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Barry J Kemp, Salvatore Garfi - A survey of the ancient city of El-'Amarna
27.03.2021, 09:17

Когато фараонът-размирник от XVIII династия Аменхотеп IV - Ехнатон (прибл. 1353/1351-1336/1334 г. пр. н.е.) започва своите реформи и борба против могъщото жречество на популярните богове, една от първите и най-важни мерки е пренасянето на столицата от древната Тива в нов град, създаден изцяло наново и предназначен да започне начисто историята на страната съгласно новата идеология за един бог на небето - един фараон на земята, който е негов върховен жрец (слънчевия диск Атон/Атум и самият Ехнатон). Това е величественият Ахетатон - хоризонтът на Атон или днешната Ел' Амарна, където далеч от интригите на засегнатите съсловия живеят и управляват монархът и вярната на идеите му нова администрация. Тази революция обаче не продължава дълго и страната се връща към старите порядки, а градът е изоставен и затрупан от пясъците на пустинята. Всички надписи и монументи от времето на вероотстъпника са унищожени и едва работата на археолозите след хилядолетия разкрива древната столица и нейното драматично минало.

Barry J Kemp, Salvatore Garfi - A survey of the ancient city of El-'Amarna, London, Egypt Exploration Society, 1993

- на английски език, от Google Drive, формат PDF. Сваляне с ляв бутон (downloading by left button) от страницата на предоставящия сървър, после през бутона стрелка надолу/after by down arrow button.


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Amarna is an extensive Egyptian archaeological site that represents the remains of the capital city newly established (1346 BC) and built by the Pharaoh Akhenaten of the late Eighteenth Dynasty, and abandoned shortly after his death (1332 BC). The name for the city employed by the ancient Egyptians is written as Akhetaten (or Akhetaton—transliterations vary) in English transliteration. Akhetaten means "Horizon of the Aten". The area is located on the east bank of the Nile River in the modern Egyptian province of Minya, some 58 km (36 mi) south of the city of al-Minya, 312 km (194 mi) south of the Egyptian capital Cairo and 402 km (250 mi) north of Luxor. The name Amarna comes from the Beni Amran tribe that lived in the region and founded a few settlements. 
The area of the city was effectively a virgin site, and it was in this city that the Akhetaten described as the Aten's "seat of the First Occasion, which he had made for himself that he might rest in it".

It may be that the Royal Wadi's resemblance to the hieroglyph for horizon showed that this was the place to found the city. The city was built as the new capital of the Pharaoh Akhenaten, dedicated to his new religion of worship to the Aten. Construction started in or around Year 5 of his reign (1346 BC) and was probably completed by Year 9 (1341 BC), although it became the capital city two years earlier. To speed up construction of the city most of the buildings were constructed out of mudbrick, and white washed. The most important buildings were faced with local stone.It is the only ancient Egyptian city which preserves great details of its internal plan, in large part because the city was abandoned after the death of Akhenaten, when Akhenaten's son, King Tutankhamun, decided to leave the city and return to his birthplace in Thebes (modern Luxor). The city seems to have remained active for a decade or so after his death, and a shrine to Horemheb indicates that it was at least partially occupied at the beginning of his reign, if only as a source for building material elsewhere. Once it was abandoned, it remained uninhabited until Roman settlement began along the edge of the Nile. However, due to the unique circumstances of its creation and abandonment, it is questionable how representative of ancient Egyptian cities it actually is. Amarna was hastily constructed and covered an area of approximately 8 miles (13 km) of territory on the east bank of the Nile River; on the west bank, land was set aside to provide crops for the city's population. The entire city was encircled with a total of 14 boundary stelae detailing Akhenaten's conditions for the establishment of this new capital city of Egypt.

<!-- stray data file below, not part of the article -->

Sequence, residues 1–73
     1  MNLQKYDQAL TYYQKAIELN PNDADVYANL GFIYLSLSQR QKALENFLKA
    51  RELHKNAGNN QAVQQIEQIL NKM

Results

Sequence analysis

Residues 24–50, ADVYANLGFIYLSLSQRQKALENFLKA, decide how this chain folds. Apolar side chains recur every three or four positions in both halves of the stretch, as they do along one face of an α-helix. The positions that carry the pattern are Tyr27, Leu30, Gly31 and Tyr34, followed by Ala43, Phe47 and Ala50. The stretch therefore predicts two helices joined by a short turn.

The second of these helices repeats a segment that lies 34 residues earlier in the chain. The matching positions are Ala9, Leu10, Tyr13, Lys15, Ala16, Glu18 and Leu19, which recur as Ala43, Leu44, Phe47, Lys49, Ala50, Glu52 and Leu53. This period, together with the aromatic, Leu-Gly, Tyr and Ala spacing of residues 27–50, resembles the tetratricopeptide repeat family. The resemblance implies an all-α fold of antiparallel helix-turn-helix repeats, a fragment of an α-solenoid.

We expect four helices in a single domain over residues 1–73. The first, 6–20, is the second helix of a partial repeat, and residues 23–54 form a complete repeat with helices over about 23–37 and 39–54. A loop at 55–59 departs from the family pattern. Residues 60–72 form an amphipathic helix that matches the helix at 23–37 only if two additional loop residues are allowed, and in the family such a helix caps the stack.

Most of the important ceremonial and administrative buildings were located in the central city. Here the Great Temple of the Aten and the Small Aten Temple were used for religious functions and between these the Great Royal Palace and Royal Residence were the ceremonial residence of the King and Royal Family, and were linked by a bridge or ramp. Located behind the Royal Residence was the Bureau of Correspondence of Pharaoh, where the Amarna Letters were found.
While the reforms of Akhenaten are generally believed to have been oriented towards a sort of monotheism, or perhaps more accurately, monolatrism. Archaeological evidence shows other deities were also revered, even at the centre of the Aten cult – if not officially, then at least by the people who lived and worked there. at Akhetaten itself, recent excavation by Barry J. Kemp  has shown the presence of objects that depict gods, goddesses and symbols that belong to the traditional field of personal belief. So many examples of Bes, the grotesque dwarf figure who warded off evil spirits, have been found, as well as of the goddess-monster, Taweret, part crocodile, part hippopotamus, who was associated with childbirth. Also in the royal workmen’s village at Akhetaten, stelae dedicated to Isis and Shed have been discovered.

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